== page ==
The most important thing is the thing most easily forgotten.
Reading this Oblique Strategy of Eno's today I first thought of the Alexander Technique. How easy it is to drift from action to action without considering how we are using ourselves. The relationship of the head and neck is the "most important thing" and even when one has experience with AT it is still easily forgotten. Why is this? Years of habit built up with a lack of awareness of how we move.
With focused active direction of our thinking before we act, change becomes possible. Over time the act of directing our thinking becomes a useful habit. As we experience ease and effectiveness in playing our instruments, injuries heal and our sound improves, the motivation to continue applying AT increases. But it all begins with waking up again and again and incorporating the technique.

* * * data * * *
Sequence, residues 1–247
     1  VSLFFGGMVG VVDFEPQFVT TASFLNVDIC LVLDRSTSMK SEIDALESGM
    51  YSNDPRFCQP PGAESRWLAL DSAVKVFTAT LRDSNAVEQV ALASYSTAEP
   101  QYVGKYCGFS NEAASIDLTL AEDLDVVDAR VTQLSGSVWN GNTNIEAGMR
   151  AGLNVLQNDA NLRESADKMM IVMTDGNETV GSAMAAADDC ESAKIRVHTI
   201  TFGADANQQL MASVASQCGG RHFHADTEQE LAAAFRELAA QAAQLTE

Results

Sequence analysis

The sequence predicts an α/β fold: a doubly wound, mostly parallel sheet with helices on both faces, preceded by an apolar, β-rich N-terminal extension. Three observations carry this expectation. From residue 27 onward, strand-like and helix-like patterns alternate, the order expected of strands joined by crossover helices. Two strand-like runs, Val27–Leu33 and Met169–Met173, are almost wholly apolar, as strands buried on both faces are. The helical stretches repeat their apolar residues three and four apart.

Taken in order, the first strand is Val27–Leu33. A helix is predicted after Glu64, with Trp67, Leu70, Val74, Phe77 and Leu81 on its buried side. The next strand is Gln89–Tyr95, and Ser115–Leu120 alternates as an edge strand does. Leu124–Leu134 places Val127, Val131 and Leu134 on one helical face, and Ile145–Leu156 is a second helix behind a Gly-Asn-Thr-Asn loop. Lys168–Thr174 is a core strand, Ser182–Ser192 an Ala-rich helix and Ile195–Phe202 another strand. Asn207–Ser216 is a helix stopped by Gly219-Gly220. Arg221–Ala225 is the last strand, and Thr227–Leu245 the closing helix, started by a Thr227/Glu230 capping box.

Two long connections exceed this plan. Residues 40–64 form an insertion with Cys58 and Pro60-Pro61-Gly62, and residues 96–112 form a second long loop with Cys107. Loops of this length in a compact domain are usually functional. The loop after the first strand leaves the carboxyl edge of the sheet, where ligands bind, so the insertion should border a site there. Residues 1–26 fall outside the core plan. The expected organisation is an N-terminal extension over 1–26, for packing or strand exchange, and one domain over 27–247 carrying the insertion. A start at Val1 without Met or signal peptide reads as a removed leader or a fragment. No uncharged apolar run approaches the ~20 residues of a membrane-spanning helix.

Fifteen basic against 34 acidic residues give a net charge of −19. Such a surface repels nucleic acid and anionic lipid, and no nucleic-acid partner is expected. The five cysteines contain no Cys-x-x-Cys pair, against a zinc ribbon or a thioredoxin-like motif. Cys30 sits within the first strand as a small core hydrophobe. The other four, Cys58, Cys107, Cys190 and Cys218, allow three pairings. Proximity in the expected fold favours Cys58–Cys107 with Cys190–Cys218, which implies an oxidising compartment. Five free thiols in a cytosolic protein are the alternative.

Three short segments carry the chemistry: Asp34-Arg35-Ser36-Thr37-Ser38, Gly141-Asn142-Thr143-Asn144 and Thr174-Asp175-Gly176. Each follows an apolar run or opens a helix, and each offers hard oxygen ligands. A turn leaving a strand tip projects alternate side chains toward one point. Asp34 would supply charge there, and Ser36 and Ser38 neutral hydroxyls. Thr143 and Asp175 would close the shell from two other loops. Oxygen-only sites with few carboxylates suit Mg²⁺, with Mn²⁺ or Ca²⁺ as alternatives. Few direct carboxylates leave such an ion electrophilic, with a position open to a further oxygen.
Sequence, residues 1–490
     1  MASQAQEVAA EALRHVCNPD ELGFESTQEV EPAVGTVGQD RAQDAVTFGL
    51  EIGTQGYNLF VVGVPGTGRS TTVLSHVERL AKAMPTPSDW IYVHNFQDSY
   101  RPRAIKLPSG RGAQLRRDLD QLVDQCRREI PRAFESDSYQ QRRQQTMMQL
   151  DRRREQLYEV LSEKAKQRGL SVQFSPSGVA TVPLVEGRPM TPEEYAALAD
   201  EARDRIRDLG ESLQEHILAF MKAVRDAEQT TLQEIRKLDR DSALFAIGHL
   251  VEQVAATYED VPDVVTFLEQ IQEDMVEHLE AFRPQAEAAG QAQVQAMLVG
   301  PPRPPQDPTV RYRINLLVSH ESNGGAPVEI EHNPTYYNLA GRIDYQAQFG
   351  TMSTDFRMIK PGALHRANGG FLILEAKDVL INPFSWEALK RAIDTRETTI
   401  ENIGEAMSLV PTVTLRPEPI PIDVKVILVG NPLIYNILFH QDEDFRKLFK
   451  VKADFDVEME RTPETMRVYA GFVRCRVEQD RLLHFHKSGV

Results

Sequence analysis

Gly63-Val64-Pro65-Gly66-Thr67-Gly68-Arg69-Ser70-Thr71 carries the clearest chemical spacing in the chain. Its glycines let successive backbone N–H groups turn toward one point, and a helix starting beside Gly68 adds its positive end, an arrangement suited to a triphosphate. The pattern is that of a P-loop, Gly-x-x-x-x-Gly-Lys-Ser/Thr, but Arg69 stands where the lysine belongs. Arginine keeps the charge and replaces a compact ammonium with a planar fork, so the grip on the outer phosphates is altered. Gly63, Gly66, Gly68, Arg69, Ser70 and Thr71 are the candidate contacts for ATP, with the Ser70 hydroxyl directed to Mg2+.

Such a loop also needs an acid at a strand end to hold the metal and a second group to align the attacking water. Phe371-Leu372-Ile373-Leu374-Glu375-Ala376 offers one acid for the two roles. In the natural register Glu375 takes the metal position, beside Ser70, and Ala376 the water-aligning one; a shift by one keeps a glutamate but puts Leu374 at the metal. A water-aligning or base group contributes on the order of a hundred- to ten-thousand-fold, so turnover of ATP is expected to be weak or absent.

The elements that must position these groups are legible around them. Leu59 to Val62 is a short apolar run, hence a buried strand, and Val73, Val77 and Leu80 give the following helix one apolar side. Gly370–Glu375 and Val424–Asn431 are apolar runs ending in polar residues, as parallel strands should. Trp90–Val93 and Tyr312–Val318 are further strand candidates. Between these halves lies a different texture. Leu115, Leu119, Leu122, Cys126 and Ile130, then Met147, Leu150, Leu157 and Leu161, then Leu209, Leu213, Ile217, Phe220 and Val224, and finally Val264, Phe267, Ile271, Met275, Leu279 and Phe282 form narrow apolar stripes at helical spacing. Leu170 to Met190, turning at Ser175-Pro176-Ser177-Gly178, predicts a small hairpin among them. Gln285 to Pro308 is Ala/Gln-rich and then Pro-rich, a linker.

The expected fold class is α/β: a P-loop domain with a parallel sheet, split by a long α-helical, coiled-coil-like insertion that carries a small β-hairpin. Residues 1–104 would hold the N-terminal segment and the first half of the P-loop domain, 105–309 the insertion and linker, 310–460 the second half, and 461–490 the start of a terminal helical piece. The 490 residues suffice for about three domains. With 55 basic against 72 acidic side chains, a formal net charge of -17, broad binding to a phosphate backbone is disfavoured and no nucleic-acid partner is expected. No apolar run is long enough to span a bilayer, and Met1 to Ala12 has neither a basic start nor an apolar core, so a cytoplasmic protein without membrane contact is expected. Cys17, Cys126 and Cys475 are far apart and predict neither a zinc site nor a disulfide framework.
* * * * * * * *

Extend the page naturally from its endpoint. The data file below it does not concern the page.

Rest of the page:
Old habitual patterns of thinking and use lurk within our complex brains. With just a few mindless acts they awaken and the struggle continues. So I pause, inhibit my impulse to do, direct my thinking and either perform the action, do nothing, or make a fresh choice of doing something else. Lately this making a fresh choice has become a bit more difficult. I'm not sure why, perhaps I think I have arrived at some level of "good use" that is sufficient. Perhaps, a bit too much focus on the guitar and forgetting that how I do one thing is how I do everything. So if I inhibit and choose a different activity I'm still working with how I use myself and this will transfer to the guitar. Maybe it's time for a lie-down.
Photo by Ace Bonita